Rangers goalies past, present shine on NHL All-Star stage with Shesterkin, Talbot, Georgiev
TORONTO – It’s probably not a coincidence that three of the eight goalies here at NHL All-Star Weekend have ties to the New York Rangers. Just call it the Benoit Allaire Effect.
The Rangers goalie coach helped develop current Blueshirts netminder Igor Shesterkin and fellow All-Stars Cam Talbot and Alexandar Georgiev.
“I didn’t even think about that, the three of us here who all worked under Benny,” Talbot told Forever Blueshirts. “I always say, had I not signed with the Rangers out of college I don’t think I would have ever made the NHL. I give so much credit to Benoit Allaire for developing me for three years in the minors first and then when I did get called up, to be really patient with me.”
Like Shesterkin, Talbot, now playing for the Los Angeles Kings, is a two-time All-Star. Georgiev, the Colorado Avalanche goalie, made his first All-Star appearance this weekend and won the one-on-one challenge during the skills competition Friday, taking home a check for $100,000. Impressively, Georgiev stopped nine of 11 breakaway shots by Edmonton Oilers superstar Connor McDavid.
Rangers, goalie coach helped develop All-Stars Igor Shesterkin, Cam Talbot, Alexandar Georgiev
In a conversation with Forever Blueshirts, Georgiev acknowledged Allaire’s role in helping him become a No. 1 goalie in the NHL.
“Yeah, it’s incredible all of us here, and the respect he has in the League,” Georgiev said. “His understanding of the fundamentals are so sound and his positivity is a big thing. He creates a fun environment. It’s great, all the goalies that have had success under him, and I’m one of them.”
Allaire is in his 20th season with the Rangers. He’s also been a goalie coach with the Phoenix Coyotes and Montreal Canadiens, counting Sean Burke, Nikolai Khabibulin and Brian Boucher as his success stories.
It’s in New York where Allaire has gained his biggest notoriety, though. Allaire coached Henrik Lundqvist for 15 seasons and is a big reason why Lundqvist was inducted into the Hockey Hall of Fame in 2023.
But Lundqvist is not the only Rangers goalie to have benefitted from Allaire’s expertise and upbeat personality, as evidenced by Shesterkin, Talbot and Georgiev sharing the spotlight here in Toronto this weekend.
Rangers goalie coach Benoit Allaire ‘deserves all the accolades’ for work with Henrik Lundqvist, others
“He deserves all the accolades,” Talbot said. “You see all the goalies he’s produced through the pipeline that springboarded to starting jobs around the NHL. It’s pretty crazy how many guys he’s been able to develop under Hank that moved on and became a No. 1 somewhere else.”
Talbot was not selected in the NHL Draft, so the odds were stacked against him. But he developed quickly in the minors and then helped the Rangers reach the 2014 Stanley Cup Final by posting a 1.64 goals-against average and .941 save percentage in 21 games as Lundqvist’s rookie backup.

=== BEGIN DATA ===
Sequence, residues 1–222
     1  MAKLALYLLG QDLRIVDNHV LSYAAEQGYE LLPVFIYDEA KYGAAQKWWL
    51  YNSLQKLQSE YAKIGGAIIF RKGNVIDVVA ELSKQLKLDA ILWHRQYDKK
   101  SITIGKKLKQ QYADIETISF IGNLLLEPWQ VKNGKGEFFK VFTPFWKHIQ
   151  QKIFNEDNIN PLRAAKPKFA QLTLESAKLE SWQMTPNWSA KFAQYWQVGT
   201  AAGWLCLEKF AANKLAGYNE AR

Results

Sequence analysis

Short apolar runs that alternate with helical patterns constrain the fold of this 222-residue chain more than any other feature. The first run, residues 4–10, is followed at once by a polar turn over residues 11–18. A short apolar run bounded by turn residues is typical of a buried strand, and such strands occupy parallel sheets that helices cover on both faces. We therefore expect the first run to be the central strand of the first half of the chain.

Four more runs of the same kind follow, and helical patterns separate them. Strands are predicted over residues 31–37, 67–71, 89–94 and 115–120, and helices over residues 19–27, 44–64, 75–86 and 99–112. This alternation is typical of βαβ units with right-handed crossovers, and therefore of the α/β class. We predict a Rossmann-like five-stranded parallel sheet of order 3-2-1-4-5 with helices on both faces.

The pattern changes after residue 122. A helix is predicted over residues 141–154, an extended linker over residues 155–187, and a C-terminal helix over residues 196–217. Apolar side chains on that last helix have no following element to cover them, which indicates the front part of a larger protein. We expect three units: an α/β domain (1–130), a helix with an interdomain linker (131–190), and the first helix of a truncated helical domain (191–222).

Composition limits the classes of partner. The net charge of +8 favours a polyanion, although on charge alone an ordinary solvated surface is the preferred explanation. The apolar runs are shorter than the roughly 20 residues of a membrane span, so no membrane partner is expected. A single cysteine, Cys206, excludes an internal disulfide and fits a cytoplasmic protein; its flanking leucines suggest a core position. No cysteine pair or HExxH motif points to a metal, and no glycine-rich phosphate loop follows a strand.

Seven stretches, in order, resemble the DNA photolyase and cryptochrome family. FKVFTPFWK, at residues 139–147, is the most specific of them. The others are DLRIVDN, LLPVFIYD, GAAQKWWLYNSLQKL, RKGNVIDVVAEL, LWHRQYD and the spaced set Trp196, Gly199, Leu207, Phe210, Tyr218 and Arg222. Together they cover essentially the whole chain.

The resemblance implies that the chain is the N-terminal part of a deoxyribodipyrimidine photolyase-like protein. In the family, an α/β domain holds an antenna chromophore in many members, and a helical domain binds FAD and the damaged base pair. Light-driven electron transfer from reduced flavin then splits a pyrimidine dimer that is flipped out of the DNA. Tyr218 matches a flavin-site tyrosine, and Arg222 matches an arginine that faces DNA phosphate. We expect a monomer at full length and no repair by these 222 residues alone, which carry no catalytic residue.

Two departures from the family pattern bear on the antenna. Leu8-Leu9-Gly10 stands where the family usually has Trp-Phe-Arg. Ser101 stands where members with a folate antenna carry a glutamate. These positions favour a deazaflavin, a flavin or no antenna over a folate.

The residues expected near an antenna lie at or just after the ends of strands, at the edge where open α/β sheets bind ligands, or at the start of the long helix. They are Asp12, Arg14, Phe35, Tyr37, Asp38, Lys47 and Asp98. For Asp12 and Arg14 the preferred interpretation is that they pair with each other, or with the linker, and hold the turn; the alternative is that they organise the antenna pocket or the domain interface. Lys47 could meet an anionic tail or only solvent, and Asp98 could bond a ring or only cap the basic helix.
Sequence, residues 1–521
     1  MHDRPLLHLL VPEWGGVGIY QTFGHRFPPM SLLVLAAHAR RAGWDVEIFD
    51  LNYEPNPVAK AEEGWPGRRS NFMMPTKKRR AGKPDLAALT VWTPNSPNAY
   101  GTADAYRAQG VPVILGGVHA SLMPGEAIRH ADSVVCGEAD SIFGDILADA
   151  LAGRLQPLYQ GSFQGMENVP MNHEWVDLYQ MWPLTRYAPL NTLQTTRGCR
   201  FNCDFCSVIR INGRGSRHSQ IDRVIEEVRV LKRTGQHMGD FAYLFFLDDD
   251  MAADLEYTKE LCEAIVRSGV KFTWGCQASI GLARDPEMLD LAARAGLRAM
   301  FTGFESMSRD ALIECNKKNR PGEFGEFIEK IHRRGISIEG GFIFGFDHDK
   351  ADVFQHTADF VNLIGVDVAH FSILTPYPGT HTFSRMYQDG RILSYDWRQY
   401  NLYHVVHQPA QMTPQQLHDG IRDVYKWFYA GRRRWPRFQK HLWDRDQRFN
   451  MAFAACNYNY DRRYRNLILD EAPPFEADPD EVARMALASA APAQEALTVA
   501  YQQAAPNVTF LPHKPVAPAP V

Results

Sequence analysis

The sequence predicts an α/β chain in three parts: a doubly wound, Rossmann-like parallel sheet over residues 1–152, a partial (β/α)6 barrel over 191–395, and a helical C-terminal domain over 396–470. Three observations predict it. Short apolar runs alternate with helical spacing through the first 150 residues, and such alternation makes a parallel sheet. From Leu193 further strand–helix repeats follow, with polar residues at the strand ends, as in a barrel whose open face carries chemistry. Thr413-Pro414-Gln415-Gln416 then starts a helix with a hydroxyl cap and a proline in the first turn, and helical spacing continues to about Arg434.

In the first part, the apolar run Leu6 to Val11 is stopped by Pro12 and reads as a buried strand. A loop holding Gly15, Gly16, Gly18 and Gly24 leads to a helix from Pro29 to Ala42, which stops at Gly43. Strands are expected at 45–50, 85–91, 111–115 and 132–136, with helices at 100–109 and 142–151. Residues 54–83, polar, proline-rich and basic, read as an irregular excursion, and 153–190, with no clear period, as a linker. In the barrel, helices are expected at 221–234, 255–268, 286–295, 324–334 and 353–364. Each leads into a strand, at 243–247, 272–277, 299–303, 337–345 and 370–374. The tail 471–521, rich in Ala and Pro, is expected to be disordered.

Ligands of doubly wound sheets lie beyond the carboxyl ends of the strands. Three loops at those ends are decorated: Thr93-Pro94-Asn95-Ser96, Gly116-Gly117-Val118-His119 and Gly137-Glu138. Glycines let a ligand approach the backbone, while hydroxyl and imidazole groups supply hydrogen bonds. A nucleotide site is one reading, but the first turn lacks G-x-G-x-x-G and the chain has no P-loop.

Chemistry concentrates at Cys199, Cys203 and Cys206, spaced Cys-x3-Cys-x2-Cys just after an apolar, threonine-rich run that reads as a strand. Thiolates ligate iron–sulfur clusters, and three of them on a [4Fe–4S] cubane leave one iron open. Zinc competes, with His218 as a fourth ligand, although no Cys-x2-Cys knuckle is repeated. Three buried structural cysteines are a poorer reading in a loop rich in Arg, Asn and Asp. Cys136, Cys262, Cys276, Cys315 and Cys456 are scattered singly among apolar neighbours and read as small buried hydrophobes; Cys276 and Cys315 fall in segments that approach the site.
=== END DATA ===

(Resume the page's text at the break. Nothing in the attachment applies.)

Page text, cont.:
The following season, Talbot had increased playing time when Lundqvist was injured. He was 21-9-4 with a 2.21 GAA and .926 save percentage and helped the Rangers win the Presidents’ Trophy. He went on to become the No. 1 in Edmonton and now, at age 36, remains a top goalie in the League.
And Talbot still appreciates what Allaire did for him and his career more than a decade ago.
“He just sees the game from such a different perspective. And he’s just so positive and fun to play for,” Talbot explained. “Even if you have a bad game, he won’t show you the goal against. He’ll show you video of you doing that same exact thing the right way and making the save. That positive reinforcement just makes it so easy to play for him.”
Shesterkin and Georgiev will always be linked to each other and Allaire. Though Georgiev, undrafted like Talbot, arrived first on Broadway in 2017-18, it was Shesterkin who emerged as the heir apparent to Lundqvist. In 2021-22, Shesterkin became the second Rangers goalie (along with Lundqvist) to win the Vezina Trophy under Allaire’s tutelage. This weekend, Shesterkin helped Team Matthews win the All-Star game with some masterful work between the pipes.
“Igor was great,” coach Peter Laviolette said.
Georgiev’s final season in New York was the same as Shestekin’s Vezina campaign. He was traded to the Avalanche and has started more games than any NHL goalie since.
Looking back on that time when he was behind Shesterkin on the Rangers’ depth chart, Georgiev said simply, “We’re both professionals and that’s the situation that happened. Do my job, be a good teammate. … I try not to look in the past too much.”
Georgiev was more expansive when discussing Lundqvist’s Hall of Fame induction and what it was like to play alongside him from 2017-20.
“He’s one of the better hockey players in the history of the game,” Georgiev explained. “Coming into the League, he was my partner and my competition at the same time, so you try not to raise him up to a pedestal, but I’m so happy for him getting all the credit he deserves now, having had such a great career. … I learned so much from him, especially how hard he always worked in practice.”
Shesterkin benefitted from watching Lundqvist at the end of his career. And he’s thriving under Allaire.
The 28-year-old is 118-54-16 in 190 NHL games with a 2.46 GAA and .920 save percentage. When he won the season opener against the Columbus Blue Jackets, Shesterkin became the fastest goalie to 100 wins in Rangers history (159 games) and just the seventh all-time in the NHL to reach that number in fewer than 160 games (Bill Durnan, Michel Larocque, Frank Brimsek, Bob Froese, Chris Osgood and Tiny Thompson).
Shesterkin sparkled under the spotlight here this weekend. But he shared it, as well, with two former Rangers goalies, while their mentor likely was watching from afar.